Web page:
Dr. Gustavo Arnoldo López Paz
Hand Surgery – Microsurgery, Orthopedic Surgery and Orthopedics
MULTIMEDICA VISTA HERMOSA
Why look for a surgeon specialized in the hand and upper limb?
Since the II World War, Professor Sterlin Bunnel brought together a team of specialists, including traumatologists, orthopedists, neurosurgeons, vascular surgeons, and rehabilitation physicians, to create the first service of hand and upper limb surgery, founded in San Francisco CA, in the naval hospital of the city. This was the origin of what is now the specialty of hand and upper limb surgery.
These specialists train after a previous specialty, like for example a traumatologist and orthopedic surgeon that after 4 or 5 years of previous specialization, has the opportunity to attend an international center recognized as a center of education and training to do a 2nd specialization denominated hand surgery and reconstructive microsurgery. Here the specialist dedicates additional time to specialize in this branch that is so specific. This branch has grown in the last 25 years because of the microsurgery technique. Microsurgery is the technique where the microscope is brought into the operating room to perform vascular procedures and repair miniature nerves like the one in the fingers. These training centers have dedicated their practice specifically to these types of injuries, to train these doctors that have gone out and spread the specialty throughout the entire world.
Currently there are multiple societies in the United States, there are two in Canada, multiple in Europe, and in Guatemala there is the Guatemalan Hand Surgery Association that brings all those specialists together. All the members of the Guatemalan Hand Surgery Association have had additional training in this specialty.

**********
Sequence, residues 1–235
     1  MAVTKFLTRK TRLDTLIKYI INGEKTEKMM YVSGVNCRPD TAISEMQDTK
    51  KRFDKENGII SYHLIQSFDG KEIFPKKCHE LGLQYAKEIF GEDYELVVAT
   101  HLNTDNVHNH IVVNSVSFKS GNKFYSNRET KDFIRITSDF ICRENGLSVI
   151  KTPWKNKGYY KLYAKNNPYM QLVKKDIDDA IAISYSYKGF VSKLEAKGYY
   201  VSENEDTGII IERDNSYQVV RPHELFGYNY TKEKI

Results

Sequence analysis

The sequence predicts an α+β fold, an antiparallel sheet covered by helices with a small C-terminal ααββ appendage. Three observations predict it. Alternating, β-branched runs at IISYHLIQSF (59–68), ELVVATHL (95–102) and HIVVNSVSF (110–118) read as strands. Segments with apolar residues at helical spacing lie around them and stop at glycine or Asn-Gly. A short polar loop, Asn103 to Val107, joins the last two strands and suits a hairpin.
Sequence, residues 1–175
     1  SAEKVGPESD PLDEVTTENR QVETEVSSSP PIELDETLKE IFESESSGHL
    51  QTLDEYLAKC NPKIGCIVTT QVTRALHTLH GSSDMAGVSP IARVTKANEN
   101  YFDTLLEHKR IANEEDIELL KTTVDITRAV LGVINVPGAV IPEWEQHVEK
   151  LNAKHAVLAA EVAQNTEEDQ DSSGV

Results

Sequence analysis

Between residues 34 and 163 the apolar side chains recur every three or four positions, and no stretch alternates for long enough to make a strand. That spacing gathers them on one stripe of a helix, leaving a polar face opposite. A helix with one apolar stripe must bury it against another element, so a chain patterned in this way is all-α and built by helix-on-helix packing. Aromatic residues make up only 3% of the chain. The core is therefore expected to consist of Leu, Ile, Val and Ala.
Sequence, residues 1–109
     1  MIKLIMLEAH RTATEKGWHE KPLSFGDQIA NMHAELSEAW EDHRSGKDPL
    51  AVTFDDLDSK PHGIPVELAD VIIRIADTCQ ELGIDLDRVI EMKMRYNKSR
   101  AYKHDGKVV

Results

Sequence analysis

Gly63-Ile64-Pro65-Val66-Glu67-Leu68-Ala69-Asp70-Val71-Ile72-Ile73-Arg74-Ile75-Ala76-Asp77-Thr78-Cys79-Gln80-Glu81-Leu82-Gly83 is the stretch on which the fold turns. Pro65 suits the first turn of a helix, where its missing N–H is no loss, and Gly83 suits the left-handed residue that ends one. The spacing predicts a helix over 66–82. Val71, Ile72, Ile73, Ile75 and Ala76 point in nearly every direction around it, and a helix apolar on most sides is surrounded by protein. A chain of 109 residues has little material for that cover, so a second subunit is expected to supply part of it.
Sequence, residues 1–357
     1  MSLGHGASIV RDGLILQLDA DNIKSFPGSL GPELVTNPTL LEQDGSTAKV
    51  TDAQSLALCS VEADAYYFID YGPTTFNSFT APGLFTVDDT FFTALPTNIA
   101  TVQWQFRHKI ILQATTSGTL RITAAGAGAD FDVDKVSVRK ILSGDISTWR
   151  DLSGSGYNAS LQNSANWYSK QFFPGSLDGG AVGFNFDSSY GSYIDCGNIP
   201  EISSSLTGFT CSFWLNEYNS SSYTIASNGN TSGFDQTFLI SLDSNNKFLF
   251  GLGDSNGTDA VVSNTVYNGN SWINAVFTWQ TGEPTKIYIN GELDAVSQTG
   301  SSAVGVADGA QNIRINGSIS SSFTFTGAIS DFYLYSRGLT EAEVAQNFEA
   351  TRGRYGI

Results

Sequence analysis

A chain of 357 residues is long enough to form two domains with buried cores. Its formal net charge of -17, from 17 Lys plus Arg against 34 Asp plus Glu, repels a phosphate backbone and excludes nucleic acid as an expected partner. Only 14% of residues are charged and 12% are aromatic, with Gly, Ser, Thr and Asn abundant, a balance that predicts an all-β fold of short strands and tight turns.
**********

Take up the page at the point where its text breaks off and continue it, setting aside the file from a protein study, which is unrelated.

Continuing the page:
Which cases are managed by a hand surgeon?
The hand surgeon that has had previous training in plastic surgery or general surgery, or in traumatology or orthopedics, is professionally able to manage almost any injury in the upper limb. For example if there is a patient that has a hand amputation, the hand surgeon and his team, are able to do a reimplantation.
In the past when there was a case as particular as this one, in which there was a hand amputation, the traumatologist, who would fix the bone, was initially called. Then the vascular surgeon was called to work on the arteries and veins. Then the plastic surgeon was called to work with the tendons. Afterwards, a neurosurgeon was called to treat the nerves of these injuries. Finally, the patient was sent to a therapy program were the therapist was not specifically trained to work on a limb so severely damaged.
The first Hand Therapist Association was founded in Guatemala 8 years ago by therapists who have dedicated additional time to learn the management protocols of such specific injuries of the hand. Going back to the topic of reimplantation, a patient that has an amputation needs a specialized person for his/her rehabilitation. This type of therapist knows the way around prosthetic appliances for finger movement, knows the care that a hand must have after undergoing vascular work and nerve repair, how far movement can go without injury, and knows about the management of hand temperature when nerves have been cut and patients do not feel and can burned very easily.